Top Essential Oils Used By Cancer Patients

Clary Sage

A primary component of clary sage essential oil is sclareol. It has shown some promising anti-cancer effects in lab tests. Sclareol may have an impact on the way that cancer cells proliferate, and it could help induce apoptosis

Frankincense

Arguably the most potent medicinal essential oil out there, recent research studies suggest that frankincense promotes health and vitality.  Frankincense is a resinous gum of Boswellia trees. The active principles of the gum resin are boswellic acids. It’s believed that frankincense fights inflammatory diseases and cancer.

Lavender

A recurring theme in any natural health discussion, antioxidants are, in effect, the super healers that our culture needs. The free radicals created by toxins, pollutants, chemicals, and even stress are the culprits for a cascade of cellular damage, immune inhibition, and limitless health risks – including chronic illness and cancer.

Lemongrass

In 2009, a study was published that evaluated the essential oil from a lemon grass variety of Cmybopogon flexuosus for its in vitro cytotoxicity against 12 human cancer cell lines, as well as in vivo anticancer effects on mice. The results were quite promising.

Researchers have identified polysaccharides with anticancer activities in lemongrass. These polysaccharides were found to kill cultured cervical and prostate cancer cells.

Furthermore, researchers exposed cultures of cervical and prostate cancer to fractions of lemongrass. Two of the fractions induced programmed cancer cell death. They stated that polysaccharides turned on a gene that suppresses tumor growth.

Myrrh

The ability myrrh essential oil has in healing is becoming a popular topic. One of the most thorough studies on the topic was published in the journal Oncology Letters in 2013.  The scientific studies that have been carried out on myrrh have proven it has antioxidant, astringent, anti-tumoral, anti-inflammatory, anti-fungal, anti-parasitic, antiviral, and analgesic (pain relieving) benefits.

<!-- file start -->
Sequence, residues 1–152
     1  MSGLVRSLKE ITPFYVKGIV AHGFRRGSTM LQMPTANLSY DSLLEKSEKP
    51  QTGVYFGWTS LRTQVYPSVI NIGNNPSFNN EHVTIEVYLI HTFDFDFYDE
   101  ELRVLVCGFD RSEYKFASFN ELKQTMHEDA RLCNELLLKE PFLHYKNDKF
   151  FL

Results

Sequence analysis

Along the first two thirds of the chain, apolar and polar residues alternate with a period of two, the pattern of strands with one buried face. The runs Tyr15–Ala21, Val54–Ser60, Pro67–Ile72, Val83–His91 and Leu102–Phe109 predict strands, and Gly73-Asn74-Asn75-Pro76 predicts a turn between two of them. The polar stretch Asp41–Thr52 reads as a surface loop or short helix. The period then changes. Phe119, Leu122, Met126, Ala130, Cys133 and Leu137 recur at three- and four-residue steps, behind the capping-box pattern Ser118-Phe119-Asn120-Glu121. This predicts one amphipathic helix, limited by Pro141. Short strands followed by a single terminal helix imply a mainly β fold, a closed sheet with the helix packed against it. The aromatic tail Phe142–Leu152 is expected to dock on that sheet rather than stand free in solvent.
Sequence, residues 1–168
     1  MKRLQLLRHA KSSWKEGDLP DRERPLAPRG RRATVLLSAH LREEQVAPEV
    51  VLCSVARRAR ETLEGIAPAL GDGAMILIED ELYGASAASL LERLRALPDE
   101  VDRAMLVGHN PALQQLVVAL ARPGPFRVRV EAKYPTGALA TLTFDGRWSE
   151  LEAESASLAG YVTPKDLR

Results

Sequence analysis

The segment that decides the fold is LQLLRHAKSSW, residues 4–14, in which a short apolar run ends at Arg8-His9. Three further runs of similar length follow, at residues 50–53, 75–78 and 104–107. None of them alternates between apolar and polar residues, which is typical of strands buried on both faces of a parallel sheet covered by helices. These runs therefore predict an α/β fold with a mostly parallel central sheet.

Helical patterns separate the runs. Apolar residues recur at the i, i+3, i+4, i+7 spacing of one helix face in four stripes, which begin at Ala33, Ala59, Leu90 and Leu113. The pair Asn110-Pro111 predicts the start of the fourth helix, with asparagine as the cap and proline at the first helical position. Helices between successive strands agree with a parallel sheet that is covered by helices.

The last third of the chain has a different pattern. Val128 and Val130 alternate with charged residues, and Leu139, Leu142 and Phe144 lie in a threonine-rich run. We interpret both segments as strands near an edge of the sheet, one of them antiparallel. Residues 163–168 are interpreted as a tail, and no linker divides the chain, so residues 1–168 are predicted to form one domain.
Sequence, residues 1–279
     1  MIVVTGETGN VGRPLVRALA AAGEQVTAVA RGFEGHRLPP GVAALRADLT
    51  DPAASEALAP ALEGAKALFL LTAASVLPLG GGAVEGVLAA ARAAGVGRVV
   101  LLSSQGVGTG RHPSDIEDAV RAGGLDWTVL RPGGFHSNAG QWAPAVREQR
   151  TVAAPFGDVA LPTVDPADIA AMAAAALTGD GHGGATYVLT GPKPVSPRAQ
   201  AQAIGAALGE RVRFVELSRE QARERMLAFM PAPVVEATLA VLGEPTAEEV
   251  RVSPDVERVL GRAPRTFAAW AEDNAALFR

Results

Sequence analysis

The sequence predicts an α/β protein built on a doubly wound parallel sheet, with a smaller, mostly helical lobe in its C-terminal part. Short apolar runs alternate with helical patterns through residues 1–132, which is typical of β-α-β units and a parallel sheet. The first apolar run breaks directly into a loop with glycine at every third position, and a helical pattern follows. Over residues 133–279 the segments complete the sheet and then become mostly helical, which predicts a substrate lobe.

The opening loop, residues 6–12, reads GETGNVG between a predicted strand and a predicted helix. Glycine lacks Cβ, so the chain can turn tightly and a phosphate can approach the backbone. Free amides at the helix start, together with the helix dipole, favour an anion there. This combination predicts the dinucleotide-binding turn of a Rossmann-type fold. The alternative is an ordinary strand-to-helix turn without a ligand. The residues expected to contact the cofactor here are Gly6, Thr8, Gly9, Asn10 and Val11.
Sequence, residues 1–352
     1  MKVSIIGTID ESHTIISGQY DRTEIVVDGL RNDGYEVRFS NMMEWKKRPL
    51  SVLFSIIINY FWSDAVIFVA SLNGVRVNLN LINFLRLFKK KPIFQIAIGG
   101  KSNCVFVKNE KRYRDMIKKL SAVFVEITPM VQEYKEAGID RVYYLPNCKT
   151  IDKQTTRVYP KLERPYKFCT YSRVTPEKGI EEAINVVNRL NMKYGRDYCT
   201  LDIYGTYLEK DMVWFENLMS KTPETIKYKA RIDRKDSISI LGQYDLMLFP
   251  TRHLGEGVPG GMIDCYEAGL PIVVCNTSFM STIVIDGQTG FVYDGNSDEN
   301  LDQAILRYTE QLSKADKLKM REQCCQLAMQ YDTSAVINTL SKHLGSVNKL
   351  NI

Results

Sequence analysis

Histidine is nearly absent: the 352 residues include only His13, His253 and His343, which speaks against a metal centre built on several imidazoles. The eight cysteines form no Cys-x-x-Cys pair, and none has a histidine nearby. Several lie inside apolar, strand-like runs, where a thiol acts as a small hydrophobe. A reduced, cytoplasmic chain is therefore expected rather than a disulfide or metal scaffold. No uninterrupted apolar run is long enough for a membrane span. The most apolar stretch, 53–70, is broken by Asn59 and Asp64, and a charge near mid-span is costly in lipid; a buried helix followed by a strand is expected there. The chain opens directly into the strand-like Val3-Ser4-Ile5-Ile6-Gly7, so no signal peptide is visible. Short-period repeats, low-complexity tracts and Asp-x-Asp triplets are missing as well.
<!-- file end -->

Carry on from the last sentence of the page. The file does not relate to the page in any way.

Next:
LymphSystemLocations

Where Should You Apply Essential Oils?

  • Soles and top of feet
  • Ankles
  • Over Vital Organs
  • Abdomen
  • Upper Back
  • Neck
  • Behind  Ears
  • Temples
  • Crown of Head
In short, you can apply essential oils to just about anywhere on the body. BUT…

 

3 Ways to Use Essential Oils:

1. Inhalation – Myrrh provides wonderful relief for upper respiratory infections.

2. External Application – Using an organic carrier oil, dilute and massage myrrh oil into the skin.

3. Internal Application – Myrrh essential oil has been deemed to be safe for human consumption by the FDA. To take internally, put a drop or two of oil in 3-4 ounces (about 100 ml) of liquid such as almond or rice milk. Be sure to read Please consult with your doctor before taking essential oils internally.

 


IMPORTANT NOTE: When it comes to Essential Oils the saying “I’d rather be safe than sorry” should be taken seriously. Essential oils are very potent and may cause *irritation to some skin types. To be SAFE rather than SORRY, always start by applying the essential oil to the least sensitive part of your body, the bottom of your feet!

Precautions for Essential Oils

Essential oils should be diluted with a carrier oil like coconut oil and olive oil. Always make sure that you only use therapeutic grade essential oils, and consult a physician or an experienced aromatherapist before using the product internally.

Use of myrrh essential oil is not recommended for people:

  • Pregnant and nursing women
  • Children under age five. In older children, be sure to dilute heavily.
  • Diabetics should avoid myrrh as it may have an interaction with diabetes medications.
  • People undergoing surgery − it is best to stop using myrrh at least two weeks prior to surgery.
  • Anyone taking anti-coagulants such as Warfarin because myrrh may have an interaction with this medication.
  • Taking high doses can have possible side effects so it is unwise to do this unless you are working with a knowledgeable healthcare practitioner.